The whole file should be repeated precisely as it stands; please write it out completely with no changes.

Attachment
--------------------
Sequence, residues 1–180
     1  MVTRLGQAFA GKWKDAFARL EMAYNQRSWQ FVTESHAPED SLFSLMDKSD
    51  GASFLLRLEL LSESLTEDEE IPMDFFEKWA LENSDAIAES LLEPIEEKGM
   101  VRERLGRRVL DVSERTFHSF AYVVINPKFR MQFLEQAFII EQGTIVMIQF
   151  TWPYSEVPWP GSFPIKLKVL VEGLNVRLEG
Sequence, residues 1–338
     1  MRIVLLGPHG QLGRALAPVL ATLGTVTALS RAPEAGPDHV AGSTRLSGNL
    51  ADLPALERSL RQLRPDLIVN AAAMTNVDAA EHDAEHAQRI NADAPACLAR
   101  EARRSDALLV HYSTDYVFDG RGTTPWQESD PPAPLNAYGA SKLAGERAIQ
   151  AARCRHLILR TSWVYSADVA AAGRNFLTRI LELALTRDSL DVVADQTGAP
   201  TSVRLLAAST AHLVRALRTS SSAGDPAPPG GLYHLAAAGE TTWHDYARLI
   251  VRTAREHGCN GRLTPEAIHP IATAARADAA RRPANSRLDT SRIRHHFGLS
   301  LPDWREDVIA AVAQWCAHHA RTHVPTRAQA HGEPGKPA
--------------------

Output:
Sequence, residues 1–180
     1  MVTRLGQAFA GKWKDAFARL EMAYNQRSWQ FVTESHAPED SLFSLMDKSD
    51  GASFLLRLEL LSESLTEDEE IPMDFFEKWA LENSDAIAES LLEPIEEKGM
   101  VRERLGRRVL DVSERTFHSF AYVVINPKFR MQFLEQAFII EQGTIVMIQF
   151  TWPYSEVPWP GSFPIKLKVL VEGLNVRLEG
Sequence, residues 1–338
     1  MRIVLLGPHG QLGRALAPVL ATLGTVTALS RAPEAGPDHV AGSTRLSGNL
    51  ADLPALERSL RQLRPDLIVN AAAMTNVDAA EHDAEHAQRI NADAPACLAR
   101  EARRSDALLV HYSTDYVFDG RGTTPWQESD PPAPLNAYGA SKLAGERAIQ
   151  AARCRHLILR TSWVYSADVA AAGRNFLTRI LELALTRDSL DVVADQTGAP
   201  TSVRLLAAST AHLVRALRTS SSAGDPAPPG GLYHLAAAGE TTWHDYARLI
   251  VRTAREHGCN GRLTPEAIHP IATAARADAA RRPANSRLDT SRIRHHFGLS
   301  LPDWREDVIA AVAQWCAHHA RTHVPTRAQA HGEPGKPA